Cybersecurity Breach: Who Tells Your Story?

Who tells your security breach story?

The obvious answer to who is telling your story is basically anyone and everyone. But the real winning answer is that you do, of course. Because in the realm of crisis management for cybersecurity incidents there are basically only two paths: preparing your marketing for a breach or recovering from a breach. Here, we will focus primarily on the latter of the two and how mastering the objective will set your organization apart.


Social Media

Each time there’s a large security breach announced, you can bet the commentary against that particular organization will be quite negative. Twitter and LinkedIn will, in particular, spring to life with every short snarky comment imaginable, followed up by more of the same tomorrow. One example comes to mind where, within hours of one of the largest security breaches on record (Equifax), a prominent CISO judgmentally tweeted out that they were literally “writing the book” on how not to respond to a breach. Ummm, okay. It’s only been mere hours and yet your ultimate opinion is that they not only were victims of one of the largest breaches on record but also have one of the worst responses ever? Still, let’s not beat up too much on that one CISO, because in reality there were probably dozens of retweets and hundreds more saying the same thing. You see where all of this is going: judgment is pretty darn cheap these days. But let’s put that on hold for a minute as we look at what they did right. 

  • Dedicated Web Site: Did they just have one press release or comment to the local press? No, they did not. They had a dedicated web page that could be updated time and time again with whatever info was considered relevant for their audience (customers, partners, media, bloggers, etc…).
  • CEO Message: With great empathy, none other than the CEO had a video where a conciliatory and empathetic message was well received. If you are a stakeholder in any way, you surely appreciated this.
  • Something to Offer: They gave away something of value — enhanced/premium credit monitoring. This is not to say that every breach requires something of real value to be handed out, but in this case it was a bit better than the more common credit monitoring offer. And it was certainly more valuable than nothing.

So if this is “literally writing the book on how not to respond to a breach”, then someone must be reading the wrong books. Because this is actually a good start to doing the exact opposite, which is setting an example on how to perhaps do it right. But that’s social media for you. You can’t control it. But you can laugh off the silliness and then stay the course that you set, especially when you know it to be right.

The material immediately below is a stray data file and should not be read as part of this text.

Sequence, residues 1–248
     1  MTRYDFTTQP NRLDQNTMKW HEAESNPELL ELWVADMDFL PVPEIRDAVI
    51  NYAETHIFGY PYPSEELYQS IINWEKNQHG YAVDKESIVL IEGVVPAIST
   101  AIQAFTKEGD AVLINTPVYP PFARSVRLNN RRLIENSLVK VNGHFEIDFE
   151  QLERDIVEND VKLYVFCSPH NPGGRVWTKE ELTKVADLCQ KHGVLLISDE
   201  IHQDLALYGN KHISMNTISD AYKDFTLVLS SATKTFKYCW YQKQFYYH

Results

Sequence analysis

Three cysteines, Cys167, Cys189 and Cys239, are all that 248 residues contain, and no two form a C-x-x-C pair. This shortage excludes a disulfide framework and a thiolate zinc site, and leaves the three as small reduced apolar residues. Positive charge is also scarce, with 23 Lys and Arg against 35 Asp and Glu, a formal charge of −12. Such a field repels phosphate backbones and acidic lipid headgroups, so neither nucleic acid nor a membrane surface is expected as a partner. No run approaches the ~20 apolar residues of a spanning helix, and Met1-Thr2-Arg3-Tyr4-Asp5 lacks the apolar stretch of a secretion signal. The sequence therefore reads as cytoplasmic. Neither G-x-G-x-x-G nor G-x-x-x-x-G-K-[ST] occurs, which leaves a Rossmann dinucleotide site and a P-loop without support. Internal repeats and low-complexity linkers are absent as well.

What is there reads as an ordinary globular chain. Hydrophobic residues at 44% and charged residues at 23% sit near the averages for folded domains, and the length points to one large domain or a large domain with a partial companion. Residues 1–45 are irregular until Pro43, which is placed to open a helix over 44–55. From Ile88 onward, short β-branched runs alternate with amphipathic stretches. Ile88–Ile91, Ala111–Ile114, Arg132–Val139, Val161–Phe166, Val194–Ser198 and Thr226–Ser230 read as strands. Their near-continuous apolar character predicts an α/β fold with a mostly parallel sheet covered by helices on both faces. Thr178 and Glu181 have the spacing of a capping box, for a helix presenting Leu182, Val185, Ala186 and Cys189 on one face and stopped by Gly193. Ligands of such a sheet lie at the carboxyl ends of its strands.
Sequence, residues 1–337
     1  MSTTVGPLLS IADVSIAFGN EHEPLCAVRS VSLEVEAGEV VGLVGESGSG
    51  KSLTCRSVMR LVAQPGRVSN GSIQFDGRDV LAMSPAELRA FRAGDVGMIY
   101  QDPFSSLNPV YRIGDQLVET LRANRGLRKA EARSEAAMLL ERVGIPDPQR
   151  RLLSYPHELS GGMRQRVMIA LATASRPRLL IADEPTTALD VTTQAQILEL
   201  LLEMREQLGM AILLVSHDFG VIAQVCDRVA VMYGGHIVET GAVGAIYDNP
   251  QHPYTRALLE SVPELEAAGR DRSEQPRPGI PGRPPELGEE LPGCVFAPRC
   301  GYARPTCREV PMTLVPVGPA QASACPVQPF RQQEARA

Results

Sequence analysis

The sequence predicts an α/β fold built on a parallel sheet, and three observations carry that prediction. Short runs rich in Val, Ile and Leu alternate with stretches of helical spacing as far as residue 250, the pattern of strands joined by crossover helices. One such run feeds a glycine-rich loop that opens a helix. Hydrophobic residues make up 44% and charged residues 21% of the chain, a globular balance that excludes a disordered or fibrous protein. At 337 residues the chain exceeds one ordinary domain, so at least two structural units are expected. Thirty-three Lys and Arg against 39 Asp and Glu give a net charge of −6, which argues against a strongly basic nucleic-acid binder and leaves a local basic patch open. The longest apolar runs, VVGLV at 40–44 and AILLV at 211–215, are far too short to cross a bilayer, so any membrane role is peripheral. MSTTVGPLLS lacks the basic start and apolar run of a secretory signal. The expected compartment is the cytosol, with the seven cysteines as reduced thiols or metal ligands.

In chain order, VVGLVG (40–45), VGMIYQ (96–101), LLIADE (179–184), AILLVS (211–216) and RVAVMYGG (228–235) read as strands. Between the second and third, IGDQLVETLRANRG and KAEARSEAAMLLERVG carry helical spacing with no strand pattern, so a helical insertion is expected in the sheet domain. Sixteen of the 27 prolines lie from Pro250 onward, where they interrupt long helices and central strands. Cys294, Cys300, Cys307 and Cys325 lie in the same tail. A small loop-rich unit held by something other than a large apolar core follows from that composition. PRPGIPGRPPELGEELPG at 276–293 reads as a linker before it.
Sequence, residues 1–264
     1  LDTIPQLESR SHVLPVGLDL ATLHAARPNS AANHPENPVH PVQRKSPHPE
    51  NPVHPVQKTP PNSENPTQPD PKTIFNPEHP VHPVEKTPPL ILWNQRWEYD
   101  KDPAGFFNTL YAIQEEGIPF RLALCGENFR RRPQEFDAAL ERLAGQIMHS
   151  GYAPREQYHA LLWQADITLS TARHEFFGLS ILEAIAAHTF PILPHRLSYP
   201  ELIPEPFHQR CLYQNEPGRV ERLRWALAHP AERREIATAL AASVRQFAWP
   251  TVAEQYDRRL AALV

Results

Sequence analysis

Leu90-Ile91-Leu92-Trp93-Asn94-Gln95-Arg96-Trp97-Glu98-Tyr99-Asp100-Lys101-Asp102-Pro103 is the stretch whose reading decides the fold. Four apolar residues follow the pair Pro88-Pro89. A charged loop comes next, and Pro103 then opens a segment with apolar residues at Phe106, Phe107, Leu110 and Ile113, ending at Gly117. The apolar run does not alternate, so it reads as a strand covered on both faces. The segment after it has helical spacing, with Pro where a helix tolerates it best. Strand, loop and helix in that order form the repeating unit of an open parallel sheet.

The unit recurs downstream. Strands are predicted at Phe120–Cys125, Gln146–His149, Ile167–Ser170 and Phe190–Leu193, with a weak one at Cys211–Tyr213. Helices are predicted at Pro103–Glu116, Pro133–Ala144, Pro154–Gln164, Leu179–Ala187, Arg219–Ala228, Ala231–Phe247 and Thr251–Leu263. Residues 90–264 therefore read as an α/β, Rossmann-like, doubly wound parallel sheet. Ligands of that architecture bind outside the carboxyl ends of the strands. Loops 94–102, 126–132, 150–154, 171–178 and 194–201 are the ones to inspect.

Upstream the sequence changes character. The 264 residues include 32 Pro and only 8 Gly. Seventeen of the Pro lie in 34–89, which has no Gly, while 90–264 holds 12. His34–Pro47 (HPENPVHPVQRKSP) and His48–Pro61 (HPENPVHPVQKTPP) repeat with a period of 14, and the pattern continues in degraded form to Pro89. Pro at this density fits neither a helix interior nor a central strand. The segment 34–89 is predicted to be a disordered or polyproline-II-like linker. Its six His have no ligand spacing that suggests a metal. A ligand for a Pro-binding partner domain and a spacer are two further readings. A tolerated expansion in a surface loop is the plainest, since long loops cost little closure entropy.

Call to Action

The real call to action is surprisingly simple: It’s writing your own story. Starting today, next week, or maybe, at the very latest, next month if need be, that story needs to be written. Even if you haven’t suffered a data breach, there’s only good to come from being fully prepared for one.

  • Let them speak: The CIO, CISO, or those they have full faith in to deliver the message need to be seen and heard. This means ensuring they have content (presentations, social media posts..) that is as informative as it is able to restore confidence. It won’t happen all at once, but having them at IT conferences and other venues is an opportunity that must not be ignored. If you or they are feeling really bold, let the title for such content be “How not to respond to a security breach”. You have just started at the very bottom and people will be interested, so things can only go up from there. And go up they will. Fast!
  • Be ye social: Social media is your friend. Take that picture of someone in IT security who is putting in a new security control, add some fun commentary to it, then send it out into the wild. Why, well because all of those on the ‘outside’ are doing that anyway, so they have ordinary content with little context. But you, oh you lucky one, you have access to rich content with total context? Because as the saying goes, content is king, but context is god. You win. They win. Heck, we all win!
  • Focus on building up: Social media thrives on people building themselves up by tearing others down. So don’t fall into that trap. You will need even-keeled content creators who are either not emotionally connected or can truly separate themselves from perceived attacks. Then you need them working day in and day out on your behalf. Some negative comments need to be discovered and addressed. Properly addressed. Skillfully addressed. There’s no doubt about that. But unless your organizational brand was somehow built on such negativity, you’ll want to rise above it. Always.

Do you perhaps need help with your security breach story?

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Written by Kevin Peterson

Kevin Peterson is the founder and chief content officer at ZecurityAscent, where he is the combined marketing/cybersecurity thought leader in enhancing your corporate brand before a cyber crisis, so that you can quickly recover after one. His background includes over 30 years in various security-related roles (up to the Fortune 5), of which the majority are as a Silicon Valley security marketing and branding expert. Adding to this is his own professional brand as an author, blogger, speaker, and United States Air Force veteran.
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